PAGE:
Everett might be the best place to build the 777X now, but that could change by 2020, when the first of Boeing’s newest aircraft are expected to be rolling off the assembly line.
This was the analysis by Michel Merluzeau, aerospace analyst and partner at Kirkland-based G2 Solutions, speaking Tuesday at the British-American Chamber of Commerce aerospace conference at the Museum of Flight in Seattle.
“If you asked me for 2020, what is the best place for this aircraft, that place is Charleston,” he said, adding that growing worker skills and automation there are becoming an increasing advantage, versus the rising labor costs and other costs in the Puget Sound area.
Merluzeau said he is analyzing what will be the best long-term decision for The Boeing Co. (NYSE: BA) in the increasingly cost-driven global aircraft market.
“Both Everett and Charleston can build the airplane, no question,” he said. “It’s a strategic decision about where they can build the company, and how they want the company to compete in a more fragmented, more competitive environment.”
He made his comments within a wider discussion of the growth of aerospace activity in the South. Comparing the world’s aerospace centers in 1983 to now, he pointed out that activity in the Northeast is substantially diminished, while there’s significant growth in Asia and in the South.
“The center of gravity has shifted to the Southeast. The entry of new participants in North America has shifted there,” he said.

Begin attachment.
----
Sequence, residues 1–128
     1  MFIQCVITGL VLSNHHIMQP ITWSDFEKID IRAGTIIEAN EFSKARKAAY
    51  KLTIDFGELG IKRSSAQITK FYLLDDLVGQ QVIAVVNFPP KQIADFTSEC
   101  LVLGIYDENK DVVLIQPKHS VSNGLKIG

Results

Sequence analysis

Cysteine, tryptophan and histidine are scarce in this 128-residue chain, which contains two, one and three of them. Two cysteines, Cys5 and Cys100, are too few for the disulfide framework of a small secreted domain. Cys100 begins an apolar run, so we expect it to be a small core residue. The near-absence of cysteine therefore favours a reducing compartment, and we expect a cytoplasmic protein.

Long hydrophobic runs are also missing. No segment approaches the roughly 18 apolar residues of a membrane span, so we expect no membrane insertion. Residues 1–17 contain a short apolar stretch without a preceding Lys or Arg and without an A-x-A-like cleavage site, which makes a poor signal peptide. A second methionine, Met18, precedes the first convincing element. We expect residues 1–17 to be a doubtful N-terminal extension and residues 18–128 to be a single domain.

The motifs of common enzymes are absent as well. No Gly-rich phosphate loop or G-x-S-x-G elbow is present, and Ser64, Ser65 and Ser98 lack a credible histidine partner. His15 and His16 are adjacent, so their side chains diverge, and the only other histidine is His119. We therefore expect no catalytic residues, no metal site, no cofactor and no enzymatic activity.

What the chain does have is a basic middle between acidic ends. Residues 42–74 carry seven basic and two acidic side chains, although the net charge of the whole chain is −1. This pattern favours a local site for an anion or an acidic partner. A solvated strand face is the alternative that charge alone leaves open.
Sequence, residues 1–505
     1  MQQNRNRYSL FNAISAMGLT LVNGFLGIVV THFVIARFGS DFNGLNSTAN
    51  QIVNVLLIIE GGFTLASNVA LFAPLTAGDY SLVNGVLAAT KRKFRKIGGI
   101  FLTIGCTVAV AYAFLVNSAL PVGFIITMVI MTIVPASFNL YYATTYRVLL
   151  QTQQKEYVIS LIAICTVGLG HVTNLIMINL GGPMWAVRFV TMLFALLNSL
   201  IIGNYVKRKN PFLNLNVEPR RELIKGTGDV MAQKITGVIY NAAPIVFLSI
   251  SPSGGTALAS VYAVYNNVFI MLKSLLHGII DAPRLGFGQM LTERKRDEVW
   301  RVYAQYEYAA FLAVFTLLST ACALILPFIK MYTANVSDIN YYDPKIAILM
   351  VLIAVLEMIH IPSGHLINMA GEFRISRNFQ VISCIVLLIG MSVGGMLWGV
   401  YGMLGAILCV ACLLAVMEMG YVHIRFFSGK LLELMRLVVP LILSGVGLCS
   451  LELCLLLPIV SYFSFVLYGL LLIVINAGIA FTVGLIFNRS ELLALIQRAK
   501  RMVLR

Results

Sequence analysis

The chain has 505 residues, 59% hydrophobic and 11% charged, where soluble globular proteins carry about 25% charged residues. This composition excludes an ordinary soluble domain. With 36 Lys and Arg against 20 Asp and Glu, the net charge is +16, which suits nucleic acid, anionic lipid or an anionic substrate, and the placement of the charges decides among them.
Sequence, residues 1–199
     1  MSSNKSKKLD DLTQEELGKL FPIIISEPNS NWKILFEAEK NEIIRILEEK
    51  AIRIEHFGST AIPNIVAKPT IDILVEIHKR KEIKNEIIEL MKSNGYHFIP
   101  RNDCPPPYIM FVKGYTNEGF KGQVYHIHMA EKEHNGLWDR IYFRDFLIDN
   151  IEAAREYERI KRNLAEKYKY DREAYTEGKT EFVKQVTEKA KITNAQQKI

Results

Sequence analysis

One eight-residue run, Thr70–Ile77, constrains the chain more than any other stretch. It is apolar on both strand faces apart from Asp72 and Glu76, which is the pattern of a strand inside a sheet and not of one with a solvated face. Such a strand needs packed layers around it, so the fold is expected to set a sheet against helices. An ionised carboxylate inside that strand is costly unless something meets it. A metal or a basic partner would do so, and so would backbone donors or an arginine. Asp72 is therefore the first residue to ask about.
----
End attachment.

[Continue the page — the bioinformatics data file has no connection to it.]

Merluzeau was quick to add he has no inside information on Boeing’s decision-making process about where it will assembly the 777X, but was expressing his own analysis of the comparative advantage between North Charleston and Everett.
The 777X is expected to be a re-engined and re-winged version of Boeing’s 777, developed to compete against, and be larger than, Airbus’ upcoming A350-1000. Persuading Boeing to build the 777X and its new wing in Washington has become a primary goal for Washington Gov. Jay Inslee. His administration has launched a series of initiatives to keep the aircraft in Everett, even though Boeing has said little about what it needs to make that decision.
“I’m not calling it,” Merluzeau said about the competition. He added that he’s looking at the level of aerospace skills and infrastructure that will exist in North Charleston by 2020.
“The conditions will be ready to accept 777X by 2020,” he said. “They will be in place.”
Key areas of South Carolina readiness are infrastructure and work force, he said. The work force is an important factor since worker skills at Boeing’s North Charleston plant are still less developed than those of workers in Everett. But Merluzeau said that is changing.
“The No. 1 challenge in the Southeast will be work force, but they’re addressing the problem, they’re addressing it very successfully,” he said. “There are difficulties ahead, they’ve been addressing it. By 2020, they’ll be in better shape than we’re assuming they are.”
Asked what the Northwest can do to win 777X production, Merluzeau said this:
“I don’t think we can. I think the transition has already taken place. Production jobs, we’re not going to compete,” he said. “We have to transform the clusters, and focus on what we’re good at.”
He suggested a future in which the Northwest should be less focused on manufacturing and more focused on engineering.
“If the future of Northwest is innovative engineering clusters, I think that what success will come from,” he said. “If we try to compete against low-cost centers of the world, we will have difficulties.”
Merluzeau was followed by Inslee. In an aerospace-boosting stump speech, the governor painted quite a different picture of the region’s future. This future, in Inslee’s view, most definitely will include aircraft assembly.
“We’re going to see airplanes take off, designed by young minds at (Raisbeck) Aviation High, by graduates from Lake Washington (Institute of Technology), powered by biofuel, engineered by University of Washington Huskies,” Inslee said. “This is a great vision for my state.”